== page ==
Cylance, PKI, and You

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Maintaining PKI functionality through the upgrade to CylancePROTECT 1580

We recently deployed Cylance 1584 across our environment. Cylance implemented version 2 of their Memory and Script Controls with version 1580, and we were a few versions behind. We were expecting a few bumps in the road as a result, but none as significant as the loss of our PKI environment.

How it started

The button was clicked, and Cylance 1584 was deployed. Tickets were coming in from our SIEM, but that that was to be expected. The first alert came in the next day. One of the support engineers reported that devices were failing to enroll into Intune through AutoPilot. The process failed at the Certificate section of the Device Setup. She was able to continue AutoPilot to get to the desktop, but WiFi and VPN weren’t connecting. This meant the device had no device certificate from PKI.

Troubleshooting PKI

Event Viewer is always a good place to start for troubleshooting. There were a lot of error events in the Application log. These events had ID 29 with Source NetworkDeviceEnrollmentService. The message read The password in the certificate request cannot be verified. It may have been used already Obtain a new password to submit this request. Google had no definite answers, but there were more logs to review.

The next logs I found always came in pairs.

Event IDSourceMessage
1000Application ErrorFaulting Application Name: w3wp.exe
1023.NET RuntimeApplication: w3wp.exe

These logs show that this w3wp.exe executable is being blocked. The time stamps on the events line up with the Cylance update, so it seems obvious that Cylance is blocking the executable. Oddly enough, there are no alerts in Cylance that this executable is blocked. This w3wp.exe process seems to be the key to the certificate issue, but there isn’t enough information in the logs to fix the issue.

The next log to investigate is the System log. Searching the logs around the same timestamp as the w3wp.exe logs, I find the next set of logs.

Event IDSourceLevelMessage
5011WASWarningA process ervicing application pool 'Microsoft Intune CRP Service Pool' suffered a fatal communication error with the Windows Process Activation Service. The process id was 'xxxxx'. The data field contains the error number.
5002WASErrorApplication pool 'Microsoft Intune CRP Service Pool' is being automatically disabled due to a series of failures in the process(es) serving that application pool.

These logs indicate that the w3wp.exe executable has failed enough times that the IIS Application Pool has been disabled.

Putting the pieces together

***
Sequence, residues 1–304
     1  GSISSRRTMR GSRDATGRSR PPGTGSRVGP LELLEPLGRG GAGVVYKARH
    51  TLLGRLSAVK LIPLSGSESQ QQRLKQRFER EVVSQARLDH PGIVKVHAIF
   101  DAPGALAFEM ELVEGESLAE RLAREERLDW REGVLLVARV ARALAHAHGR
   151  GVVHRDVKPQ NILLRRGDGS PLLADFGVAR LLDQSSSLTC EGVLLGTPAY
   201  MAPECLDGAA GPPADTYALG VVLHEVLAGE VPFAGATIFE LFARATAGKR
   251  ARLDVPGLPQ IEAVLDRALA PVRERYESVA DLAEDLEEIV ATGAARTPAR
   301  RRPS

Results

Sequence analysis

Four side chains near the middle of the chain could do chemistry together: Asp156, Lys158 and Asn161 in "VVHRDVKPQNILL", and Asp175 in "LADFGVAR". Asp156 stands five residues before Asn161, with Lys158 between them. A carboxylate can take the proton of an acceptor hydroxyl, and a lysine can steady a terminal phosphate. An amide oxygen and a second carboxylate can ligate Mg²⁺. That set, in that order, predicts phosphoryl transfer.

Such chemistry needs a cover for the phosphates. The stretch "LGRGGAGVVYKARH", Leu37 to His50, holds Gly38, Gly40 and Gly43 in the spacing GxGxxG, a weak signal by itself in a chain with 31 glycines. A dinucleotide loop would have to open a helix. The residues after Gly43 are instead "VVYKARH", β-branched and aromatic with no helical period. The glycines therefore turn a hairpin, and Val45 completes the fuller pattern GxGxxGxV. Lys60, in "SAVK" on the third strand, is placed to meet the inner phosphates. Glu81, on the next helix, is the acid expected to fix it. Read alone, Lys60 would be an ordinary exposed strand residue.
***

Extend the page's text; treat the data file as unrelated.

Cylance 1580 will occasionally block executables that depend on .NET runtimes. When this happens, you will not get alerts about the executable in the Admin Console. In the policy that you deploy to your web servers, you will need to include the following exclusions to Memory Actions:

  • \Windows\System32\inetsrv\w3wp.exe
  • \Windows\sysWOW64\inetsrv\w3wp.exe
  • \Program Files (x86)\IIS Express\iisexpress.exe

It is worth noting that at this time, Cylance can apply a hotfix to your account that will automatically apply those exclusions. This will upgrade your version to 1584.46. This will also be included in version 3 whenever that is released later this year.

You should also keep this in mind for troubleshooting additional applications in your environment. By quickly filtering your Application log by event ID 1000, you can gauge if there are any blocks on your system caused by Cylance. Not all ID 1000 events will be caused by Cylance 1580, but it can be a good starting point for troubleshooting.

Intune – Autopilot Hash Generation Factory

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I’ve been doing more and more work with Intune lately and have been looking at different methods of Autopiloting devices.  My go-to has been OSDCloud by David Segura. It is a great tool for quickly getting devices from many different vendors up and running with Autopilot.  Definitely check it out.

I ran into a scenario where I needed to mimic the experience not of the end user, but of IT managing devices enrolled by the vendor prior to them ever appearing in Intune.  This is “easy”, albeit a bit time consuming.  You have to get a full Windows OS onto the device, log in and run Michael Niehaus’ Get-WindowsAutopilotInfo script.  You then import the generated CSV into Intune.  Finally you rebuild the device with a factory install of Windows 10 or11 and you can then Autopilot it into Intune.

That’s fine for one or two devices, but I needed to get a number of VMs staged up as if they were ordered from the vendor.  I needed to automate the grunt work….

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